The Doomsday Clock is an internationally recognized design that conveys how close we are to destroying our civilization with dangerous technologies of our own making. First and foremost among these are nuclear weapons, but the dangers include climate-changing technologies, emerging... Read More
Do you think the hands of the Doomsday Clock should be closer to or farther from midnight?
Rosner is the William E. Wrather distinguished service professor in the departments of Astronomy and Astrophysics and Physics at the University of Chicago. Rosner recently stepped down as director of Argonne National Laboratory, where he had also served as chief scientist. His research is mostly in the areas of plasma astrophysics and astrophysical fluid dynamics and magnetohydrodynamics (including especially solar and stellar magnetic fields); high-energy-density physics; boundary mixing instabilities; combustion modeling; applications of stochastic differential equations and optimization problems; and inverse methods.
Lynn EdenRobert RosnerRod EwingSivan KarthaEdward "Rocky" Kolb Lawrence M. KraussLeon LedermanRaymond T. PierrehumbertM. V. RamanaJennifer SimsRichard C. J. SomervilleSharon SquassoniElizabeth J. WilsonDavid TitleyRamamurti Rajaraman
Today, more than 25 years after the end of the Cold War, the members of the Bulletin of the Atomic Scientists Science and Security Board have looked closely at the world situation and found it so threatening that the hands of the Doomsday Clock must once again be set at three minutes to midnight.
Despite the recommendations of the 2012 Blue Ribbon Commission Report, the US government has made no substantial progress toward the permanent, or even temporary, consolidated storage of used civilian nuclear fuel.
Lawrence M. KraussLynn EdenRobert RosnerAlexander GlaserEdward "Rocky" Kolb Leon LedermanRamamurti RajaramanM. V. RamanaElizabeth J. WilsonRichard C. J. SomervilleSivan KarthaJennifer SimsRod Ewing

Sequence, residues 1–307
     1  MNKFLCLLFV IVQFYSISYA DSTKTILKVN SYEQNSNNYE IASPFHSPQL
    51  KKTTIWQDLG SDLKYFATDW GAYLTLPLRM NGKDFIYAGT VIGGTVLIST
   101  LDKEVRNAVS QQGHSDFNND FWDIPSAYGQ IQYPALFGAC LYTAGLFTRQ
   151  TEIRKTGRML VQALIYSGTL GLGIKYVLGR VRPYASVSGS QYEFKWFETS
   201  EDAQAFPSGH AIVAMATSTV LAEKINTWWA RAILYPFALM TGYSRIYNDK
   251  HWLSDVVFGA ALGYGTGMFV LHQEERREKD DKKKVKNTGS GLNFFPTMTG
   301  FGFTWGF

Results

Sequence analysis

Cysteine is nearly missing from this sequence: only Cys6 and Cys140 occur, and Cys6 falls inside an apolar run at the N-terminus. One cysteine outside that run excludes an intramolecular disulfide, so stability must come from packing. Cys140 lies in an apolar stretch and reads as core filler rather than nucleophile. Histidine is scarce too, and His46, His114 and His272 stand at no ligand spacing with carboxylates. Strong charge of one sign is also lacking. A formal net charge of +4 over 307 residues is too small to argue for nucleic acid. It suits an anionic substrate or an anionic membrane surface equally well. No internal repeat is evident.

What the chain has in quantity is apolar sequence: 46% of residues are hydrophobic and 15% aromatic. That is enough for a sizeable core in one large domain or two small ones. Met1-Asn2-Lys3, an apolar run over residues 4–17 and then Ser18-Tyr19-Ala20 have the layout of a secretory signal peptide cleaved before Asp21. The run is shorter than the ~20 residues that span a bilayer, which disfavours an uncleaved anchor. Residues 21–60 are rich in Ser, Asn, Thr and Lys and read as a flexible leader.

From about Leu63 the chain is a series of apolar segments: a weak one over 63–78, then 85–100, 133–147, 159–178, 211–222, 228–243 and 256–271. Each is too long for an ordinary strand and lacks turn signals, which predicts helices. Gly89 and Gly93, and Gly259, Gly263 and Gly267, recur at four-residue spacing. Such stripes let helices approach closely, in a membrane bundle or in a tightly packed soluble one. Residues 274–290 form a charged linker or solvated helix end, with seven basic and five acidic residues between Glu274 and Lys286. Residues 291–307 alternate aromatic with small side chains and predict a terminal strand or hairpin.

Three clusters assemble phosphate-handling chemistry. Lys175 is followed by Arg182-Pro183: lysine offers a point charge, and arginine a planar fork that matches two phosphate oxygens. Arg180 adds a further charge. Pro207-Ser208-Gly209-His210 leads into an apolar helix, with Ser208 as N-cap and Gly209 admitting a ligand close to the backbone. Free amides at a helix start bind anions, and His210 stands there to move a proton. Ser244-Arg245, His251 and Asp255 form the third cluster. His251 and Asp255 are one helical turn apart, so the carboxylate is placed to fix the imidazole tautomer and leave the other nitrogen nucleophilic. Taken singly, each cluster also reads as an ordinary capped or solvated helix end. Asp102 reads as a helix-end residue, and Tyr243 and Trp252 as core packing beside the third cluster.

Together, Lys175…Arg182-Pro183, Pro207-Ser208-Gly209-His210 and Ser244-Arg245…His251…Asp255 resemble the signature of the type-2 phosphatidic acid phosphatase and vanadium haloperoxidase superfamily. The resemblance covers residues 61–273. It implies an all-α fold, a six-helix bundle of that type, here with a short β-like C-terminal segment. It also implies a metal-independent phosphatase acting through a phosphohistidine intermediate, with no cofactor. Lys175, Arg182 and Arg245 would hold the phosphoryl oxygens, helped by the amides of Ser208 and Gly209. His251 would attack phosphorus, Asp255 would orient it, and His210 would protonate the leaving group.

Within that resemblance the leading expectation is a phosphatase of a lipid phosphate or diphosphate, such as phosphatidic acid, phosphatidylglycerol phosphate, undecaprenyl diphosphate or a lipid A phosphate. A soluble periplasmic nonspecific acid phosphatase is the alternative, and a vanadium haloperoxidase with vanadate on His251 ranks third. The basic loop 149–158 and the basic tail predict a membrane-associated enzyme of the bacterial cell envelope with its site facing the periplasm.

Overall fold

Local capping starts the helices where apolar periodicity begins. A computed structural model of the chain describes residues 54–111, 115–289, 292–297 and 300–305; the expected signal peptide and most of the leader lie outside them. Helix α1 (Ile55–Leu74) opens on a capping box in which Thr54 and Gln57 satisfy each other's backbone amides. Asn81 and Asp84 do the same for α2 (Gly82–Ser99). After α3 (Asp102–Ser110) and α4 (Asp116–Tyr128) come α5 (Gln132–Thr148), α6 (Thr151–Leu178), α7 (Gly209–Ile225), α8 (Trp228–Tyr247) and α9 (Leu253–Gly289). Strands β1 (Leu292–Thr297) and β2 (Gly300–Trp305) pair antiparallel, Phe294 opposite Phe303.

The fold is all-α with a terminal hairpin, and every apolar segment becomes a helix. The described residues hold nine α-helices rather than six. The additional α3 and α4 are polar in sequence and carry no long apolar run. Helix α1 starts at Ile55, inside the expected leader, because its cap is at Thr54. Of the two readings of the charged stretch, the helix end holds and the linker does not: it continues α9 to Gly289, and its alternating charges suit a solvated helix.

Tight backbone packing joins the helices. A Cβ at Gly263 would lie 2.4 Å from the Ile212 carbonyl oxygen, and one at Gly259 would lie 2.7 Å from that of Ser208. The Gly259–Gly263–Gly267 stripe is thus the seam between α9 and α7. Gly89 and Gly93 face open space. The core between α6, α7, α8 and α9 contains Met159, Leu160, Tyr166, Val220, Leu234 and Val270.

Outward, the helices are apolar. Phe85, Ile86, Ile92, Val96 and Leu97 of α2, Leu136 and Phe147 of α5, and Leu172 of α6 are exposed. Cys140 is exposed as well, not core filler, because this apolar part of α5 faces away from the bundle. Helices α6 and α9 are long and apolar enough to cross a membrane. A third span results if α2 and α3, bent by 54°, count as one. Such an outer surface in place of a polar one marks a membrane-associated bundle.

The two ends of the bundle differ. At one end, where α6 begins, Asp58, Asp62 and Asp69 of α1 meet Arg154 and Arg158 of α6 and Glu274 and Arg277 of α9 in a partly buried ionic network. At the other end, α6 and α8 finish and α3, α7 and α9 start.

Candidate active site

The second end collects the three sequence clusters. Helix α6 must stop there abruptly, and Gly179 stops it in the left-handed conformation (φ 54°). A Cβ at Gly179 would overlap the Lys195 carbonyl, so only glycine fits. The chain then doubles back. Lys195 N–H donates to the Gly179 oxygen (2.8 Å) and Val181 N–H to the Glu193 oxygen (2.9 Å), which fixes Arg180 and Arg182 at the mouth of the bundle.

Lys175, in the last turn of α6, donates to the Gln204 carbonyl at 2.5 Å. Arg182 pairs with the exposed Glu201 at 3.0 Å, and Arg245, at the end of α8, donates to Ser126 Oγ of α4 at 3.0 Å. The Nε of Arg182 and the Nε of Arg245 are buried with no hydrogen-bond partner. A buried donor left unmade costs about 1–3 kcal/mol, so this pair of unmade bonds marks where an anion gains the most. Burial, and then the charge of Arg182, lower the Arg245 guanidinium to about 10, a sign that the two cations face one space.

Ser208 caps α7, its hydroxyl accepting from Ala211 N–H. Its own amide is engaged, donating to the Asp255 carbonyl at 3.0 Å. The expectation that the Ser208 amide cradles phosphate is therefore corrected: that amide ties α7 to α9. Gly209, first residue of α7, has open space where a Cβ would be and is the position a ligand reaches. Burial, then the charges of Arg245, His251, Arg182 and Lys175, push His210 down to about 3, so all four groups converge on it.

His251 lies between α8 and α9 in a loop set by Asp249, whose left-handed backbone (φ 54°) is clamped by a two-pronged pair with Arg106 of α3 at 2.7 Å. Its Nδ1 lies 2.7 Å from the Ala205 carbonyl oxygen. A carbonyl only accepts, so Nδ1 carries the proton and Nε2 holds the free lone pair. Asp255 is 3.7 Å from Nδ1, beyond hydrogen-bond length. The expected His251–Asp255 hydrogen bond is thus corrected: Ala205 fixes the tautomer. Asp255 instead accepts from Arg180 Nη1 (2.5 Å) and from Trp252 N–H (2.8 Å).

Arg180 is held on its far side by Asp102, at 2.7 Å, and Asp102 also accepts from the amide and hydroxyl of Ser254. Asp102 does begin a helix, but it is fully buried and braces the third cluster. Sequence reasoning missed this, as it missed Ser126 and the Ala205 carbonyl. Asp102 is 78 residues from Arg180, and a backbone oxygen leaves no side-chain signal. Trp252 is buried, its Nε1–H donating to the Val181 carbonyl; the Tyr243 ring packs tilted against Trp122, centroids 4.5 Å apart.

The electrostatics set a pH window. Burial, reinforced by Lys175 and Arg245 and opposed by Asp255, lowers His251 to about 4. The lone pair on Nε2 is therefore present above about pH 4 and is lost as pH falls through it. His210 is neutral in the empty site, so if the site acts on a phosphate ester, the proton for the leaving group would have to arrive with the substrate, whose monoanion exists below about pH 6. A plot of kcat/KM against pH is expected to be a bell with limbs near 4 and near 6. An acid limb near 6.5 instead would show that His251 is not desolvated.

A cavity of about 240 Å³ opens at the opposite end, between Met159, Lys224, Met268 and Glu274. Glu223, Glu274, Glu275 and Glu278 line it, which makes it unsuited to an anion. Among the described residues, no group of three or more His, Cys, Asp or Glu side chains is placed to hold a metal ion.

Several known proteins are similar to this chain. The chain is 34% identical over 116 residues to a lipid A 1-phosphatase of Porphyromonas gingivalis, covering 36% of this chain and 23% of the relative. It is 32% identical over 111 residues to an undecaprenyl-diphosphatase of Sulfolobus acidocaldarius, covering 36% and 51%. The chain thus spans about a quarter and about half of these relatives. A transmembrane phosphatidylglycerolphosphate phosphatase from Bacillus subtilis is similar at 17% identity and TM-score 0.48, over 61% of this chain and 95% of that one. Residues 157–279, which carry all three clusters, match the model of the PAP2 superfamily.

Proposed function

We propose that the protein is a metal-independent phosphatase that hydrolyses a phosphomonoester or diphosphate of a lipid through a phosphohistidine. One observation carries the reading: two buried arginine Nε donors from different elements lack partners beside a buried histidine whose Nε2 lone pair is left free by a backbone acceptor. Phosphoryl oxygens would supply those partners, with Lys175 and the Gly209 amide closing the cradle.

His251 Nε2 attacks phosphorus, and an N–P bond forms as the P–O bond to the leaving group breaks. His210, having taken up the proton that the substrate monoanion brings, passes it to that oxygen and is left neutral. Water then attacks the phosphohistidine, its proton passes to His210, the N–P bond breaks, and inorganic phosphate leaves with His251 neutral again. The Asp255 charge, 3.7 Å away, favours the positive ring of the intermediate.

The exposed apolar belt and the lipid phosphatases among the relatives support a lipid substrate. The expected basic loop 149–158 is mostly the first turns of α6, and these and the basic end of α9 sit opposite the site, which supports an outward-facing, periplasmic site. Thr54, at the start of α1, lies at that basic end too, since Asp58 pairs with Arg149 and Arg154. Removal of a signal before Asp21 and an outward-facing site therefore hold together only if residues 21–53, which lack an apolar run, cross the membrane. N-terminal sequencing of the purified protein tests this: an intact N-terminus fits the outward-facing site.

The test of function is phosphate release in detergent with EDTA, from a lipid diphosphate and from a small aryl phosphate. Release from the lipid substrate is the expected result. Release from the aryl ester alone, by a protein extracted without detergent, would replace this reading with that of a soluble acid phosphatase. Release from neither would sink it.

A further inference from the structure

A careful review of threats leads the Bulletin's Science and Security Board to conclude that the risk of civilization-threatening technological catastrophe remains high, and that the hands of the Doomsday Clock should therefore remain at five minutes to midnight.
Nuclear power continues to offer the potential to be a major, worldwide, scalable, carbon-free energy source—if the challenges of safety, nonproliferation, waste management, and economic competitiveness are addressed.
Robert SocolowThomas RosenbaumLynn EdenRod EwingAlexander GlaserSivan KarthaEdward "Rocky" Kolb Leon LedermanRamamurti RajaramanM. V. RamanaRobert RosnerJennifer SimsRichard C. J. SomervilleElizabeth J. Wilson
Editor's note: Founded in 1945 by University of Chicago scientists who had helped develop the first atomic weapons in the Manhattan Project, the Bulletin of the Atomic Scientists subsequently created the Doomsday Clock in 1947 using the imagery of apocalypse (midnight) and the contemporary idiom of nuclear explosion (countdown to zero), to convey threats to humanity and the planet.
For months, and perhaps years, lessons will be learned from the events at the Fukushima Daiichi nuclear power plant in Japan, which will serve as both a laboratory and a classroom. As the sequence of events leading to the accident continued through the accident response, at least one concept was made clear: When operating reactors, defense-in-depth -- the technical concept of multiple layers of safety backup systems -- must incorporate a series of active backup systems (meaning that they require human intervention) that must be operable to forestall single-point catastrophic failures.
The events at Fukushima Daiichi have greatly renewed the public focus on the safety of the existing fleet of nuclear reactors, especially as many US reactors share the same fundamental design—and safety systems—as the affected Japanese reactors.